Under the Croí Cónaithe scheme, you can get a grant of up to €50,000 to renovate a vacant property and up to €70,000 if the property is derelict.

Minister Heather Humphreys and Minister for Housing Darragh O’Brien have agreed to introduce changes to the Vacant Property Grant Scheme to support the renovations of vacant and derelict properties on offshore islands.

The maximum grant for island properties will be 20% higher for vacant properties – €60,000 compared to €50,000 on the mainland.

Derelict properties on the islands can receive a grant provided of up to €84,000 compared to €70,000 on the mainland.

This will come into effect from 1 July and will be applied retrospectively to any existing applications.

Vacant Home Officers will be in place to identify vacant and derelict properties on the islands. 

Boosting island populations

As The Journal reported last summer, Humphreys had previously sent the islands strategy back to the drawing board, after stating that she would not publish a review until she was “satisfied that it contains credible actions that will make a difference to our island communities”.

It is understood that the minister wanted more housing measures and incentives included in the plan that would help boost island populations.

Population decline on the Irish islands following the Famine of the 1840s has been an ever-present threat for island dwellers, and is on the cards again as Census data points to worrying declines in recent years, as reported by Noteworthy in its recent series.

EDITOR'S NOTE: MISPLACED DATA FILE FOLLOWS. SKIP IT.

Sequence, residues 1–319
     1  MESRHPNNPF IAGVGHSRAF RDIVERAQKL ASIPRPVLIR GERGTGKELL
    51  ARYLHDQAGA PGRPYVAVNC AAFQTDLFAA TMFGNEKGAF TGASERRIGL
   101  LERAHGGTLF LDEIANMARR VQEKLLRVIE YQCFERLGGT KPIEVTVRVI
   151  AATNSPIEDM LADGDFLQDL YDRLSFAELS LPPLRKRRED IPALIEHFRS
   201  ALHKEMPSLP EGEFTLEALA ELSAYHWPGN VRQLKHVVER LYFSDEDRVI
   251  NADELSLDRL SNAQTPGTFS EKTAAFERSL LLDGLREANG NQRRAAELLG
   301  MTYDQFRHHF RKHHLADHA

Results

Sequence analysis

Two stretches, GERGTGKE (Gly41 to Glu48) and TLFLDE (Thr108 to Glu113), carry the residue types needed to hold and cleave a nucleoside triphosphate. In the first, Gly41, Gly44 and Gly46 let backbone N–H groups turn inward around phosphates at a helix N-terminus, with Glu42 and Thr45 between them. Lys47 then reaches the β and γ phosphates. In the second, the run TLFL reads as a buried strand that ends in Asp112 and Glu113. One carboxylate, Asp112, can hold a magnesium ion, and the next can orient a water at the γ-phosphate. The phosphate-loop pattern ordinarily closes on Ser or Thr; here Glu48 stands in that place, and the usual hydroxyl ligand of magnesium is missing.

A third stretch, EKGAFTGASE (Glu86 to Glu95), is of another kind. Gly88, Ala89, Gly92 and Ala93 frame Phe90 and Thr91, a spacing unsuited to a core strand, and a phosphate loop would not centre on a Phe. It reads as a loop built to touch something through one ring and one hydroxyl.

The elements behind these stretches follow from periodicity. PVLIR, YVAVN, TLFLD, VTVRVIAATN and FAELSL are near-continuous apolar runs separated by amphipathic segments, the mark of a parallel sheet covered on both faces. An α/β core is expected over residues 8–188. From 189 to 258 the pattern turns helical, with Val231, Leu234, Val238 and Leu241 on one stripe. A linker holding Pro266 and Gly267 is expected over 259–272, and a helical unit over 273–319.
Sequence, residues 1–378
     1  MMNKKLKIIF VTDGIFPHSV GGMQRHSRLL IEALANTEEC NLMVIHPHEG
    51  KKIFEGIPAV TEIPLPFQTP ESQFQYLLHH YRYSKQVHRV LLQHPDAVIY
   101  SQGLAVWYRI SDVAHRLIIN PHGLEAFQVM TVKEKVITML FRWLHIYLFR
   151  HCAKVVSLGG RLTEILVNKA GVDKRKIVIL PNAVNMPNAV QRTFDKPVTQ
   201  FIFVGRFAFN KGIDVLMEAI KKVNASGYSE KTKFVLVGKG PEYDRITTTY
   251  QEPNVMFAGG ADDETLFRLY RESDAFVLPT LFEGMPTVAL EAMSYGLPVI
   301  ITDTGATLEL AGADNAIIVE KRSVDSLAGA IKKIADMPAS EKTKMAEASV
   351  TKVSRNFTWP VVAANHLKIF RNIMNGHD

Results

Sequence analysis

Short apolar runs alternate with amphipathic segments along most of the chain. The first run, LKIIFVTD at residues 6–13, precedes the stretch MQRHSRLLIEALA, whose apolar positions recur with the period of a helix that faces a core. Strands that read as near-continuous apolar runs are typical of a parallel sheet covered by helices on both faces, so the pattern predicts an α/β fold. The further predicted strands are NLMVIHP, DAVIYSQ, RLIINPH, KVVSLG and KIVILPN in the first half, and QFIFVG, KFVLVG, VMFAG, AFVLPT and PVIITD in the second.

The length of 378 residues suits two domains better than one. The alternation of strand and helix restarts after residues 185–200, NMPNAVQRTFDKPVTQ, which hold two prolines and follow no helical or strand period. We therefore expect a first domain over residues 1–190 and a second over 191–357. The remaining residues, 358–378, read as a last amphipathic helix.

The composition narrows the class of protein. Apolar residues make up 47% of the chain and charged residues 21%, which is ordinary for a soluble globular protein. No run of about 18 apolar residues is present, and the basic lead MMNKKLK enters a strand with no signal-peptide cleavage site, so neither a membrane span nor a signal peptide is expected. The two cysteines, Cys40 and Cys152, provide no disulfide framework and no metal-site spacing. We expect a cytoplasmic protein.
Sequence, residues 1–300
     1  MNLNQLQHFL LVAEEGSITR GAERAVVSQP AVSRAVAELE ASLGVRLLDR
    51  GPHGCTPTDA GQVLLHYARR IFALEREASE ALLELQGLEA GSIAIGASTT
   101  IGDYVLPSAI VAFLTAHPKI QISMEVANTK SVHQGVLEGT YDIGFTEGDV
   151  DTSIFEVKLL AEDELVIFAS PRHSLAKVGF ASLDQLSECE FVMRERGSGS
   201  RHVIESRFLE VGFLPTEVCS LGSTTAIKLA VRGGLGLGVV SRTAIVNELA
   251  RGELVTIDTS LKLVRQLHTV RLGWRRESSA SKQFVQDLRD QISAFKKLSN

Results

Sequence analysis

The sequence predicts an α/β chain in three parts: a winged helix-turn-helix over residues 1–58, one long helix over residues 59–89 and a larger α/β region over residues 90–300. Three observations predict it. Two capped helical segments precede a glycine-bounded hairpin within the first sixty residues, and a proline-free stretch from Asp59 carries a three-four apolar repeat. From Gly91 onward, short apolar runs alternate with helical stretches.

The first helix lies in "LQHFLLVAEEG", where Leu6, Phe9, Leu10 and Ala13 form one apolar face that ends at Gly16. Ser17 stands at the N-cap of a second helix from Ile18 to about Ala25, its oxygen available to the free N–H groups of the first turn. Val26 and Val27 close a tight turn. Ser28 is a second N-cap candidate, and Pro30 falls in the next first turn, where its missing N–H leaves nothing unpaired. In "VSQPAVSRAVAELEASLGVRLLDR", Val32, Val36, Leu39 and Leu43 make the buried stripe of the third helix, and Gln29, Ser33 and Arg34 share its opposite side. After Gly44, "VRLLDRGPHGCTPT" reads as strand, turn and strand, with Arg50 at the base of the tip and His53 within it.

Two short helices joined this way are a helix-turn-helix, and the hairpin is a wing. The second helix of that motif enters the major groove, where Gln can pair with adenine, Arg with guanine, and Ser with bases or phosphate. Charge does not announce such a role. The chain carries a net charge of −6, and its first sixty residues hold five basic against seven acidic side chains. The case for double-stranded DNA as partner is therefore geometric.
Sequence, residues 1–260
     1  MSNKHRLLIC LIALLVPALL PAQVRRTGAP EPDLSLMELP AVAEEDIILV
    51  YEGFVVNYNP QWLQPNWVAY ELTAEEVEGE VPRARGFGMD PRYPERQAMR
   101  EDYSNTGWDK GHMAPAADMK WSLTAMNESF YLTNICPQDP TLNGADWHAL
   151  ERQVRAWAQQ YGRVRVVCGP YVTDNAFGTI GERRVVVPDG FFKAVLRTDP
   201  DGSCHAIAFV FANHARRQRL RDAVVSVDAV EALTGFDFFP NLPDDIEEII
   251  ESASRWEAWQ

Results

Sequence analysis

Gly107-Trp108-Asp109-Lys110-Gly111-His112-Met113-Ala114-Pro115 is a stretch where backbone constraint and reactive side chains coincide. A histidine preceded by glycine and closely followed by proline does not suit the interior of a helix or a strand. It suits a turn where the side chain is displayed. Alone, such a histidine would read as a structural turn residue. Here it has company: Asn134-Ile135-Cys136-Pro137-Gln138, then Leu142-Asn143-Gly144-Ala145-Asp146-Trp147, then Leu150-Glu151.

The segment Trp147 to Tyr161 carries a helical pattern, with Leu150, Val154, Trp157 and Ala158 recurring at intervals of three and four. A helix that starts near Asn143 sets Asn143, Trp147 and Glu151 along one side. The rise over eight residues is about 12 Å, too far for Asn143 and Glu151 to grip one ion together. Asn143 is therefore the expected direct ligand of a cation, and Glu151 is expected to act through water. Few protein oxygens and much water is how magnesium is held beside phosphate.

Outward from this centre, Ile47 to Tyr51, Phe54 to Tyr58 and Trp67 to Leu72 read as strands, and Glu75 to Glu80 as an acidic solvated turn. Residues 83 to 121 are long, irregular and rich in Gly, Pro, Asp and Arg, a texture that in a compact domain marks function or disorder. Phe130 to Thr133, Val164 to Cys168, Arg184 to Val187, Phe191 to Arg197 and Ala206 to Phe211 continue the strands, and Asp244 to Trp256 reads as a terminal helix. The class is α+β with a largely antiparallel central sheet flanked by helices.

Arranmore, off Co Donegal, where the plan was launched, was where islanders set up a Coming Home campaign – working to bring the country’s first offshore remote working hub to the island with connection speeds that would make any rural mainland dweller jealous.

In a bid to attract residents to the island, the islanders put out open letters appealing to the likes of Australians and Americans to swap the hustle and bustle of the city for a peaceful island life.

Topping up the refurbishment grant is likely to be welcomed by islanders – however, with such a differentiation between the policy for both island and mainland vacant and derelict houses, it’s also likely to generate a wider debate. 

Remote working

The ‘Our Living Islands’ plan contains 80 commitments under a three-year action plan with a focus on improving services in housing, health and education, delivering high speed broadband, increasing tourism, supporting employment and remote working and further developing our outdoor amenities.